A new year always brings motivation to make changes for the better, the potential to find ways to reach our full potential and live our best lives. You might be making New Year’s resolutions about your career, relationships or, more often than not, your health. This issue is all about taking care of yourself.
It’s that time of year. Your waistline is a little thicker, you are moving a little slower, and everyone is talking about the changes they want to make for the new year. The number one change—you guessed it—weight loss. What method are you going to try? The Whole30? Keto? Paleo? It’s hard to keep up with the newest trends in dieting, and it’s even more difficult to figure out what is healthiest for you.
For those 55 years older, it can be particularly difficult to get back into shape, so we asked local experts for their advice on how to develop an active lifestyle and practice sustainable, healthy food habits.
Fitness—Where do I start?
There are three types of exercise that are equally important, as exercise physiologist for the ProMedica Wildwood Athletic Club Trent Pilmore points out. Cardio, strength training, and flexibility are the areas that we have to continually work on, especially as we age.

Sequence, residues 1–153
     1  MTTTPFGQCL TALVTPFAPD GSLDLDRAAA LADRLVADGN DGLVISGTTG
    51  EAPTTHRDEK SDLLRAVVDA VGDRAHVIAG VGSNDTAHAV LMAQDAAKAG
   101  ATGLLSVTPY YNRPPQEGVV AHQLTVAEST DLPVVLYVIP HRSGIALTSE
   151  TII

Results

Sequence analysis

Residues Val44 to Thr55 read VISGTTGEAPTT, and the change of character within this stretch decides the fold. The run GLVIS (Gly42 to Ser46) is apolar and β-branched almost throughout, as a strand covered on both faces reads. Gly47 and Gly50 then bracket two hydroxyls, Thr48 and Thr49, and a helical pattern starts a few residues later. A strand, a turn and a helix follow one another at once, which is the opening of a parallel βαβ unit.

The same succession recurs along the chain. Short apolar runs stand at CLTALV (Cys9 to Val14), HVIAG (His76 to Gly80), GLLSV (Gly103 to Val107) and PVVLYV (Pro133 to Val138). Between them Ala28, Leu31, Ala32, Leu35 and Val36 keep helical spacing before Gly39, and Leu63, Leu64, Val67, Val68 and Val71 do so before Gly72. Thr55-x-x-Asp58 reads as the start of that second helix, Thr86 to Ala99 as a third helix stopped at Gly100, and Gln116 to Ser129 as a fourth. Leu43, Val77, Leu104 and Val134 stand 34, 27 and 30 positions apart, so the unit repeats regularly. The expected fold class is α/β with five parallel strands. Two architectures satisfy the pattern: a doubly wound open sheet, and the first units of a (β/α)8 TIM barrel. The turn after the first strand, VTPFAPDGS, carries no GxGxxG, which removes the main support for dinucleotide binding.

Pilmore says that, before you begin a new exercise regimen, “meet with your family physician to make sure you are cleared because, if there’s a change in medication or health status, that can really affect how your body responds.” It’s also important to consult with an expert about where to start (even more so if you know you will have health-related challenges).
For people who struggle with running or other kinds of high-impact cardio and strength training, Pilmore notes that “walking and swimming are easier on the joints.” Going to the gym is great, but people often underestimate the benefits of a simple stroll through the park, particularly if it is done regularly. For those who want to push themselves further, it is vital not to start off too strong, “thinking that the harder you work, the more results you’ll see,” says Pilmore. “That’s not always the case.”
Alleviate pain, build strength
Gregg Schwartz, owner of American Mobile Fitness, does a lot of personal training with seniors. He says that, if weight-training is too challenging, simply doing the motion without weights can be enough for someone to see improvements in their health.